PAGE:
Simple Things Go a Long Way Around Everest

Being a few days walk from Everest Base Camp on April 18, 2014, the most deadly day in its history, was a humbling experience. As word of the avalanche spread amongst the trekkers and stories of the sixteen fallen Sherpas came to light, it was difficult not to be humbled by the fragility of life, especially in the face of the world’s largest mountains. Influencing the remainder of our time there, we were grateful to be alive, treasured our time in the Himalayas, and enjoyed every moment we got to spend with our local Sherpa guide Dorjee, porter Mauritz, and all the locals we met along the way in remote parts of the world’s tallest mountains.

Given the fact that we were pushing our bodies to the limits every day in remote mountain regions, often asleep just after dark, it wasn’t the easiest place to connect with people in need to solve problems. In the mountains life gets down to the basics: eat, sleep, walk, stay warm, stay alive. The simplest things become super important (proper winter gear), and the slightest luxuries (good chocolate) are more exciting than a Bentley will ever be.

All supplies get carried in by porters who are borderline superhuman.

These men are…


Weather comes without warning and can take lives in seconds or prevent you from moving for days – and sometimes weeks – at a time.


Wandering Samaritans Jason and Dave during a high altitude blizzard in the Himalayas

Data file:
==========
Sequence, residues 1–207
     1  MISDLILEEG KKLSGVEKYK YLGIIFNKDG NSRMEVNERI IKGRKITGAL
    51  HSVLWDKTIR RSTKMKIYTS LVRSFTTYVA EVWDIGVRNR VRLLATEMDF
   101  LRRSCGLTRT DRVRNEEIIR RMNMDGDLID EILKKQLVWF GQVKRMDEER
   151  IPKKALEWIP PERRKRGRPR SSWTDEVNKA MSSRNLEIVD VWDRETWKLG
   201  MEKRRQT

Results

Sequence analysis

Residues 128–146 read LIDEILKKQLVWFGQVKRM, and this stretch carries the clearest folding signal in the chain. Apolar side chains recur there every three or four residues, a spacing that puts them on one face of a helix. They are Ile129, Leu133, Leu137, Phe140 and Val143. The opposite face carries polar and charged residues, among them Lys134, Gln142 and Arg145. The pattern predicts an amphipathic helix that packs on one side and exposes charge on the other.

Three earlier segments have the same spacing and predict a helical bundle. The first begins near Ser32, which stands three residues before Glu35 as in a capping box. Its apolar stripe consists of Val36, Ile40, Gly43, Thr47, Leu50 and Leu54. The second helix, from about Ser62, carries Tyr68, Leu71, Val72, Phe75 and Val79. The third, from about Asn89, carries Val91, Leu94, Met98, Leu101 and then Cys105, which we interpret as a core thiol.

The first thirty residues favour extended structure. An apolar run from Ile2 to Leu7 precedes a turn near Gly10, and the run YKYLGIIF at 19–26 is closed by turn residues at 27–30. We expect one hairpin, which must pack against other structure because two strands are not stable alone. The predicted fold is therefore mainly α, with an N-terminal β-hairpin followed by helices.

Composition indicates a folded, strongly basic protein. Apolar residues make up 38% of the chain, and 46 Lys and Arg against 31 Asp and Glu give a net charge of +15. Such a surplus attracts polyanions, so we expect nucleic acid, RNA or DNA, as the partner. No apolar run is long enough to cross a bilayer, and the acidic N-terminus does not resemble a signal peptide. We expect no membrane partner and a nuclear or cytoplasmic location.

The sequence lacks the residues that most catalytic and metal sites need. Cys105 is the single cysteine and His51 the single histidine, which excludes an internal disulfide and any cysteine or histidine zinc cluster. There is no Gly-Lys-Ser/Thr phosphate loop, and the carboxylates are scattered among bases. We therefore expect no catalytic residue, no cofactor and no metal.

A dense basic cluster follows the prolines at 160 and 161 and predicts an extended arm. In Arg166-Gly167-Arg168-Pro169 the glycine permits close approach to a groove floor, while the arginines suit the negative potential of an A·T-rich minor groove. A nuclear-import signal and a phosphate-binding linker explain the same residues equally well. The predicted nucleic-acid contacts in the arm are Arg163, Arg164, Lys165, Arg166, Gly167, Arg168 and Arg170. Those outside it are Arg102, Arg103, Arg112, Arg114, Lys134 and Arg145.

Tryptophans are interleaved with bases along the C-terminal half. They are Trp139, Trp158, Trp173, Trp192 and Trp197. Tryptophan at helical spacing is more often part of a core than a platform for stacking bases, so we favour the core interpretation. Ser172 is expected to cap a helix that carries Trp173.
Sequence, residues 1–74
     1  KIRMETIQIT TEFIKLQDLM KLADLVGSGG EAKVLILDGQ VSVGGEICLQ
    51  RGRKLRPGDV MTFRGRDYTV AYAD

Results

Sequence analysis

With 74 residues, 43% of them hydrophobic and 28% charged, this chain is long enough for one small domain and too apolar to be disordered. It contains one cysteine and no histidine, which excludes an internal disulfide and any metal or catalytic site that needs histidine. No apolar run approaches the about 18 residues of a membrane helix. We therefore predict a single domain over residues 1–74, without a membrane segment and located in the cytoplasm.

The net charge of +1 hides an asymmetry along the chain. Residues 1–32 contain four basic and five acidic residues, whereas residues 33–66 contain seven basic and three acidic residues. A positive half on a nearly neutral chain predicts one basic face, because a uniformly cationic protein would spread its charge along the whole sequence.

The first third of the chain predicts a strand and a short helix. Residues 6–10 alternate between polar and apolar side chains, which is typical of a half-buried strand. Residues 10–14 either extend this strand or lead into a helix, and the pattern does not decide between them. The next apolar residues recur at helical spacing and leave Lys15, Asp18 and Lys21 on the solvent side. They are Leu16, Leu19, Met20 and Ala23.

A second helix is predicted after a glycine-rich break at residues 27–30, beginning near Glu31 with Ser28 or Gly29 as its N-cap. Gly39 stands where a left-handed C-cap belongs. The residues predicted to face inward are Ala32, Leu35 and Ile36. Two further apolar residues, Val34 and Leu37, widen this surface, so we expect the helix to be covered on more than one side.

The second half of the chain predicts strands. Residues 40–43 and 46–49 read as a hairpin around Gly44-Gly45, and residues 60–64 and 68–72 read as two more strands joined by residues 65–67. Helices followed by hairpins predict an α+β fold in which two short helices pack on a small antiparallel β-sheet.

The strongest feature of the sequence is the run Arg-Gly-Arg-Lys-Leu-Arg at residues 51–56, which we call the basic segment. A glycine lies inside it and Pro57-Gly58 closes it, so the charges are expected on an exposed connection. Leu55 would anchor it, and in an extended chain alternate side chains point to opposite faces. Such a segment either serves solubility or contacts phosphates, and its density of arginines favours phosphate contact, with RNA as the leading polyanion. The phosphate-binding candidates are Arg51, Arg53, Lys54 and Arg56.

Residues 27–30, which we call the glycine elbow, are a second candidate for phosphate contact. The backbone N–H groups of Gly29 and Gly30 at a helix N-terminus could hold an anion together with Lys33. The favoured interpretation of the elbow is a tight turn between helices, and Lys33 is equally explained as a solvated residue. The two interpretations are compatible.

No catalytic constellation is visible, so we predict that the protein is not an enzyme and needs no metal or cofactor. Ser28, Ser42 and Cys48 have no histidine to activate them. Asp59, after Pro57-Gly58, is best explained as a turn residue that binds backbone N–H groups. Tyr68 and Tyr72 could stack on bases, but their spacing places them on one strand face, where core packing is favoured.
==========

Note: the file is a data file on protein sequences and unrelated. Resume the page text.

Our porter Mauritz was an absolute rockstar. He is 20 years our senior and carried 15x times our weight in duffle bags tied together with rope. The whole mountain affectionately called him “Grandpa”, and we also called him “Superman” (in Nepali, of course). Not only did he smile the whole 3 weeks on the trail, but he did it in running shoes with no tread, including through the snowy passes. I gifted my hiking shoes, socks, and hiking poles to him. I think he’ll make good use of them 😉


The owner of one of the lodges we stayed in just after a blizzard had forgotten his iPhone cable and was a two or three day walk from the closest town. With limited electricity and no charger at his mountain hut, he had a solar panel and iPad but no cable and was thus unable to send emails, communicate with family and friends, or check the weather. Though countless guests had come through there before us, no one thought to solve this problem for him, but it was a no-brainer for us!



One thing unchanging in this world is people’s appreciation for random acts of kindness. So while perhaps not the biggest Miracles we’ll ever perform, it was super fun to help get some folks what they needed along the mountainside.

And to show our appreciation for their hard work and great attitudes, we treated our hardworking team to a celebratory night out before parting ways. Of course we’d never use donor Miracle Bank funds for that.  We’d paid for it ourselves, but man oh man, was it a fun night. After all, no one ever said humanitarianism had to be boring!


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